Ephesians 4:22, “Be kind to each other, tenderhearted, forgiving one another, just as God has forgiven you.”  If I’m going to be kind to another person, I have to have a tender heart towards them.  Have you noticed how easy it is to lose compassion for people who are closest to you, people that you live with?  Kindness means I take time to forgive.  God says it’s kind to “forgive one another, just as God has forgiven you.”

The only way I can have a relationship of love with God is because He’s willing to forgive me. The only way we can haverelationships with each other is being kind enough to forgive each other. You’re thinking, they don’t deserve forgiveness. Of course they don’t. Neither do you.  No one deserves forgiveness. That’s why it’s kind to forgive.

“Love does not envy, it does not boast, it is not proud.” This tells me that  love is alive when it is secure. Love is dying when it starts doubting. Love is dead when it stops trusting. Behind these three words – envy, boast, proud – you can write, “That equals insecurity.” If you take any relationship and you add just a little bit of insecurity, you can make it very unhealthy. You might ask yourself, “What am I doing to add insecurity to the relationship? What am I doing to add insecurity with a child? What am I doing to add insecurity with a parent – an older parent that perhaps you haven’t called for three or four years?

 What a difference it might make for you to say to somebody today, “No matter what happens, no matter how ill you become, no matter what we have to go through in life, no matter what struggles or difficulties, no matter what happens, I love you.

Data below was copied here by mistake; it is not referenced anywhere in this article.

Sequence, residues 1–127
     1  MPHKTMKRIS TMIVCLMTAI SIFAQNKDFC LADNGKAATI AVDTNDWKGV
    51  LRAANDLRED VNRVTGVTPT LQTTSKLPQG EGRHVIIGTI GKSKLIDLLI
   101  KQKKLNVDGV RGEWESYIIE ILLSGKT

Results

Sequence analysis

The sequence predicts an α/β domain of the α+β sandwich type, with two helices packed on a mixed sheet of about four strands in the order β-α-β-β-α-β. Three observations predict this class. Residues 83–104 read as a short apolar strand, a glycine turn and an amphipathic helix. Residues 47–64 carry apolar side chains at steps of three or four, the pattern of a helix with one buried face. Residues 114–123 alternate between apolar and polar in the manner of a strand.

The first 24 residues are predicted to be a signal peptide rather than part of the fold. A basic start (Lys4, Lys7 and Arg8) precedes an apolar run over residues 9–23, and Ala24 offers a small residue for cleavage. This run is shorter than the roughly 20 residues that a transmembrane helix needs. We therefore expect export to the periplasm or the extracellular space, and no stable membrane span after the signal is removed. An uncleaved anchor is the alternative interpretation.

“Love is not rude, it is not self seeking, it is not easily angered, and it keeps no record of wrong.” This tells me that love is alive when it’s giving. Love is dying when it’s exchanging. Love is dead when it’s taking. To love is to put yourself in a vulnerable position. C. S. Lewis states, “To love at all is to be vulnerable.” The only place outside of heaven that you can be safe from all the dangers of love is hell. Love is dangerous but it’s worth the risk not to harden our heart and live an empty life.

“Love always protects, always trust, always hopes, and always perseveres.” This tells me that  love is alive when it acts its way into a feeling. Love is dying when it feels but does not act. Love is dead when it feels its way into an action.  Have you discovered the amazing truth that your actions tremendously impact your feelings? It’s easier to act your way into a feeling than to feel your way into an action. By the way you act you can change the way you feel. That’s one of the most exciting discoveries of life.


How do you keep a love alive for a lifetime? Don’t take it for granted. Keep doing the things we’ve talked about – kindness, caring, patience, time and actions, not just feelings.